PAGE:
Taking integrated townships to the next level
It is well-established fact that urbanisation is by far the biggest trigger for India’s real estate growth story. However, there is a darker flip side – urbanisation has resulted in massive strain on the leading cities of India, which are struggling to cope with ever-rising population and density.
The idea of creating new Smart Cities was mooted in the face of a clear need to decongest India’s Tier-I cities and improve their livability quotients. However, even before the Smart City mission was formalised, the model of creating cities around the peripheries of Tier-I cities (or satellite cities) has already established a proven track record for mitigating the dire effects of urban sprawl and boosting livability quotient.
In JLL India’s proprietary research report ‘Livability Quotient – A Paradigm Shift in India’s Emerging Cities’, 10 prominent emerging cities have been closely evaluated for their city administration practices, sustainability, and overall livability. Several factors were identified under the broad parameters of planning, connectivity, utilities, leisure, smart governance, safety, jobs, environment, real estate performance and future scope of expansion.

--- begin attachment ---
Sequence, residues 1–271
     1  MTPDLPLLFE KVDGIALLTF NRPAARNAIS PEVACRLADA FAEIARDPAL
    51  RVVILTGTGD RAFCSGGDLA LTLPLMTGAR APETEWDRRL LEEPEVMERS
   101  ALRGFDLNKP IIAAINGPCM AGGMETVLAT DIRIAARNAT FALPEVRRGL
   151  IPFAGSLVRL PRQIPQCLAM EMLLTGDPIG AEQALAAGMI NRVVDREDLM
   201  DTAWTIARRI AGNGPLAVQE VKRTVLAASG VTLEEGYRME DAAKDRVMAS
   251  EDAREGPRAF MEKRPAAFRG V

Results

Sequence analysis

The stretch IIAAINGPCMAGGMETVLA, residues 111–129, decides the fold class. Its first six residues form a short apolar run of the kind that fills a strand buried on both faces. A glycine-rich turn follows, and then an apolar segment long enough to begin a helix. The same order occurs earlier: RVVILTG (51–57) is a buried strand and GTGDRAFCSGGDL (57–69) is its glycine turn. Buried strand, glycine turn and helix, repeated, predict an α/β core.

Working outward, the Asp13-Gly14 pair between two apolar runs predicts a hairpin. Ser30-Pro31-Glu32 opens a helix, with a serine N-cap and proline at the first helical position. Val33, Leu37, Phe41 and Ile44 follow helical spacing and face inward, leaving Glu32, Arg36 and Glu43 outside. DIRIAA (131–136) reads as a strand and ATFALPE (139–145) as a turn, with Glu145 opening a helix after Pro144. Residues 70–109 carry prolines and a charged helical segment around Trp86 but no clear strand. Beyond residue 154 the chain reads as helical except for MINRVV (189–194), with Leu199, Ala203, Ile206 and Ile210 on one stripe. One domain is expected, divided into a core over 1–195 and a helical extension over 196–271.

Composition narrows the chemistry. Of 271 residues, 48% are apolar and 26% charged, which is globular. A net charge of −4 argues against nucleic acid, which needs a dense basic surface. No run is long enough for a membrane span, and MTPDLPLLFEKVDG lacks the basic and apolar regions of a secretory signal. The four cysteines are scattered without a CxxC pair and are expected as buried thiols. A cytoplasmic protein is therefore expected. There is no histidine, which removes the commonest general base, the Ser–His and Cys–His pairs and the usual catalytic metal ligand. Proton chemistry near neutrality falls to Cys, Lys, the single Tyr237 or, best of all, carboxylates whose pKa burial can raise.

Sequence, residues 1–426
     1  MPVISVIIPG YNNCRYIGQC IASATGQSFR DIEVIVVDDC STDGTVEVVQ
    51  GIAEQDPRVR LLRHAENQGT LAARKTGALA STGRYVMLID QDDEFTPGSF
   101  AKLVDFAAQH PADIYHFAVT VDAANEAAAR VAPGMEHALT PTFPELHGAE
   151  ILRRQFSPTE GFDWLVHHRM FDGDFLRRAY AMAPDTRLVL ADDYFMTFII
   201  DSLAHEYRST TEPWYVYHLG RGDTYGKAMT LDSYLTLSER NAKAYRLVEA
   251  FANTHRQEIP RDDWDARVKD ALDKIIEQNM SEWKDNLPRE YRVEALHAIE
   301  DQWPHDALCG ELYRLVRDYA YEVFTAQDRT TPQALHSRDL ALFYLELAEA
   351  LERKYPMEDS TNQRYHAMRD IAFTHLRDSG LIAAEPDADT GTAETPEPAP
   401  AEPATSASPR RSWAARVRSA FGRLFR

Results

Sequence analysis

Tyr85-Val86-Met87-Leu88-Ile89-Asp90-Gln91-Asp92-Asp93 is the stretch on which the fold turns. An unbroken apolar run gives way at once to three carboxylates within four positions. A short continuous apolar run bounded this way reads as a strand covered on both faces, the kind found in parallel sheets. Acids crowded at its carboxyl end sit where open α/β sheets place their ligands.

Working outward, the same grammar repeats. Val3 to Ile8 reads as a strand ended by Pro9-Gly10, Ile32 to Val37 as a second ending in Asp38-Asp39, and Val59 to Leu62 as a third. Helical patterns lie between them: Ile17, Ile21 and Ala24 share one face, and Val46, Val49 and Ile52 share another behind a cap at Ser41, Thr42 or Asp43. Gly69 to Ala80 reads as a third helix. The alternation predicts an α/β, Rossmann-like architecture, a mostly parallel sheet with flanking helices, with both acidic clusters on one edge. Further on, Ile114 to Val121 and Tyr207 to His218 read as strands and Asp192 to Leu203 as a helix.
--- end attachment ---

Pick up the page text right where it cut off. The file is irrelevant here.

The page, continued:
The top emerging cities assessed in this report are Navi Mumbai, Pimpri-Chinchwad, Magarpatta City, Palava City, Greater Noida, Manesar, Mohali,Rajarhat, Technopark and Mahindra World City (MWC). After an exhaustive analysis on the basis of the above-mentioned parameters for 10 cities considered, a definitive livability quotient ranking was arrived at (see table).
On the back of major evolutionary leaps in the integrated townships model, it now makes logical sense to include privately-managed cities (large townships or commercial-cum-residential hubs managed by private developers) while comparing cities. The reason is clear – in the era of smart cities in the daily administration of which private players will be increasingly involved, it is important to look at private developers as future city administrators. As a result, some of the country’s larger integrated townships now qualify as standalone satellite cities in their own right – and, in fact, have taken city administration and governance to an entirely new level.
To date, only a handful of developers in India have successfully demonstrated their capabilities for city administration. Going forward, many more such developments will crop up on India’s real estate landscape, especially in times when large integrated townships are being promoted.
The report ‘Livability Quotient – A Paradigm Shift in India’s Emerging Cities’ reveals several important aspects that conventionally-managed cities (municipal authorities) can learn from privately-managed cities (private developers or councils).